Obama's focus to shift to health care
President Obama will convene a White House meeting next week to address runaway health-care costs. On Monday he called it key to reining in federal spending as he tries to balance plans to spend the country out of a recession with shoring up its long-term fiscal health.
The day in D.C.Lawmakers would secure thousands of pet projects known as earmarks under a $410 billion spending bill unveiled Monday. House Democrats' "omnibus" spending package would combine nine annual appropriations bills left over from last year that are needed to pay for agencies such as NASA and programs such as the national parks through September.
The House plans to vote on the measure later this week, and the Senate will consider it later.
In addition to reversing a Bush administration policy and permitting Cuban families to visit relatives there once a year instead of once every three years, it would block a Bush administration initiative allowing Mexican trucks to operate widely in the United States and boost the budgets for regulatory agencies — Consumer Product Safety Commission, Food and Drug Administration, Occupational Safety and Health Administration and Securities and Exchange Commission.
Seattle Times news services
WASHINGTON — President Obama will convene a White House meeting next week to address runaway health-care costs. On Monday he called it key to reining in federal spending as he tries to balance plans to spend the country out of a recession with shoring up its long-term fiscal health.
Obama announced his plans for the health-care meeting as he met at the White House with lawmakers, economists and union officials to discuss his promise to cut the federal budget deficit in half by the end of his first term while simultaneously addressing longer-term problems. The event was billed as a "fiscal responsibility summit."
As Obama tries to cut the nation's $1.4 trillion budget deficit, rising health-care costs and the government's rising stake in health coverage will prove a difficult obstacle to work around.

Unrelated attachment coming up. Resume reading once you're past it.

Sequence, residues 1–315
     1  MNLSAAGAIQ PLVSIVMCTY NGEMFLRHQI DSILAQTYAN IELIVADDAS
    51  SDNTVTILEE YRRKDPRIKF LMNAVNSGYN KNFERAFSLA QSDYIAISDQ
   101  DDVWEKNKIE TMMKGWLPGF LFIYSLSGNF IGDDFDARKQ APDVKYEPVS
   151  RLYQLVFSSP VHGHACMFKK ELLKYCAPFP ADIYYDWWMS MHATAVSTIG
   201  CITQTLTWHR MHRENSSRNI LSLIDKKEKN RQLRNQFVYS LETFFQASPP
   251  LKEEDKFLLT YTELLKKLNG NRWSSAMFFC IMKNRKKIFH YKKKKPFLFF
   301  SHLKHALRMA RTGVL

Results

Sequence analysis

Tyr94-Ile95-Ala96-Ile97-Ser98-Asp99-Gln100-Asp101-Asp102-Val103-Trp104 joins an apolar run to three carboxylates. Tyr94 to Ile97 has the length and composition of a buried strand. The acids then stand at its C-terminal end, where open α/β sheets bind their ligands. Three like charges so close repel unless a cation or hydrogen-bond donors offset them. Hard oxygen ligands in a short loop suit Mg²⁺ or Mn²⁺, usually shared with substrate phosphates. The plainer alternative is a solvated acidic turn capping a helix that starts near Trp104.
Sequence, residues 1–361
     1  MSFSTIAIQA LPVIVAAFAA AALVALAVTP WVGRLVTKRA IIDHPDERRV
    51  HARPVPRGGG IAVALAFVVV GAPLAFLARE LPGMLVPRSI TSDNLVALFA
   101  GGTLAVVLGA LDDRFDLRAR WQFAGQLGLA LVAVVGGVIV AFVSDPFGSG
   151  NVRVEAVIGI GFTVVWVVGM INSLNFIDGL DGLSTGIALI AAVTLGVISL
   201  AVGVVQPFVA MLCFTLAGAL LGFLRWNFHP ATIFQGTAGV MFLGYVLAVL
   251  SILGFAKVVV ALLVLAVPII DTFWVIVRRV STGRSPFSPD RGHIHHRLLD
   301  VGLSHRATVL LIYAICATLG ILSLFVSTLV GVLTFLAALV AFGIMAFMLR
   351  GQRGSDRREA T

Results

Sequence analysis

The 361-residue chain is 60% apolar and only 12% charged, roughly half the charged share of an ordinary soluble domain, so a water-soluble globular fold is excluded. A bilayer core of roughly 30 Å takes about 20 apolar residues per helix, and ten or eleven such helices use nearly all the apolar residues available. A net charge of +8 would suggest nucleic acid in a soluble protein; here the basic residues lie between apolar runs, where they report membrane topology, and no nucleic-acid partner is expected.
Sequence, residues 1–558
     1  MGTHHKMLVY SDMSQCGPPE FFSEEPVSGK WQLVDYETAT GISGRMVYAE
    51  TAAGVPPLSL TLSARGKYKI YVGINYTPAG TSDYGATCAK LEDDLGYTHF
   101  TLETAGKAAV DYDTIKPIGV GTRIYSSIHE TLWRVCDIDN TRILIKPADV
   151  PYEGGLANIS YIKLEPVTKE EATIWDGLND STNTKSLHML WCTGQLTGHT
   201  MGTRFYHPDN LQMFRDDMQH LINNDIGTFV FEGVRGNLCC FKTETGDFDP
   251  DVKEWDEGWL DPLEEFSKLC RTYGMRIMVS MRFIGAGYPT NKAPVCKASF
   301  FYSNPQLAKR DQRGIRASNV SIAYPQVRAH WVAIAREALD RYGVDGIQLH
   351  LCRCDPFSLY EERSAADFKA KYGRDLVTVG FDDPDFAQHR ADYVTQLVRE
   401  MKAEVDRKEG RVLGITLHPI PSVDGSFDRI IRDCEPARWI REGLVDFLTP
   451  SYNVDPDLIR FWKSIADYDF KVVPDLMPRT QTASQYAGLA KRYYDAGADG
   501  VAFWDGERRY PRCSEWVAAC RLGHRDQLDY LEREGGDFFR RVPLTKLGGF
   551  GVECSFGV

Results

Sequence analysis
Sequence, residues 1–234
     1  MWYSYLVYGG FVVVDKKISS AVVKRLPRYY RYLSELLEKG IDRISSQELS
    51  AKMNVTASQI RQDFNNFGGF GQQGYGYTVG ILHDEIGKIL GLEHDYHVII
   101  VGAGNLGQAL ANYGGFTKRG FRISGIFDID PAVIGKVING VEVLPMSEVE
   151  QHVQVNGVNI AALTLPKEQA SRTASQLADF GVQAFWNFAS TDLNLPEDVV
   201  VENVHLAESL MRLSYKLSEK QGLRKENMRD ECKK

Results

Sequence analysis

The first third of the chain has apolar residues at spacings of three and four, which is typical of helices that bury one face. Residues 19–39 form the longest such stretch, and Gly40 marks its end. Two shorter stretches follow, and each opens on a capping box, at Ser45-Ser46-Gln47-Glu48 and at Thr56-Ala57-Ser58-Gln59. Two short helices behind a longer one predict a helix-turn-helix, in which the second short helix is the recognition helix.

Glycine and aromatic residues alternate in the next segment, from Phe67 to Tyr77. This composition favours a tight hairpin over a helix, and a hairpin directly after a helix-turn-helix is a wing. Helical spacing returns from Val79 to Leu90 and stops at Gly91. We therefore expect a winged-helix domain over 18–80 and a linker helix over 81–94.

"We've got a lot of hard choices to make," the president said, urging a broad group to keep meeting in the weeks ahead to forge agreements on such intractable budget problems as health-care spending and shoring up Social Security. His health-care summit will be held next week.
One top budget analyst told the group health-care spending is the No. 1 culprit.
"The single biggest factor is rising health-care costs, not just in Medicare and Medicaid," said Robert Greenstein, the executive director of the Center on Budget and Policy Priorities, a nonpartisan research center.
Meanwhile, a new government report on medical costs said 6 million Americans are expected to lose private coverage by the end of next year, while Medicaid, the national health program for low-income Americans, will beef up its enrollment to pick up much of the slack, analysts reported Monday.
Program spending is expected to jump 9.6 percent from $352 billion last year to $386 billion this year, according to an annual U.S. Department of Health and Human Services report.
The 3.4 million people who are expected to lose private coverage this year — and an additional 2.6 million next year — include not only workers and their families, but also Medicare recipients who no longer can afford supplemental coverage.
Obama told those at the National Governors Association meeting in Washington that he'd provide $15 billion to help cash-strapped states pay their share of growing Medicaid payments.
Joblessness and slower wage growth will cause a dip in payroll tax revenues that could push the insolvency date for Medicare's hospital insurance fund from 2019 to 2016, said Richard Foster, of the Centers for Medicare and Medicaid Services.
The spending projections outlined Monday don't factor in the recent expansion of the State Children's Health Insurance Program or the new economic stimulus bill and its subsidy for COBRA insurance coverage.
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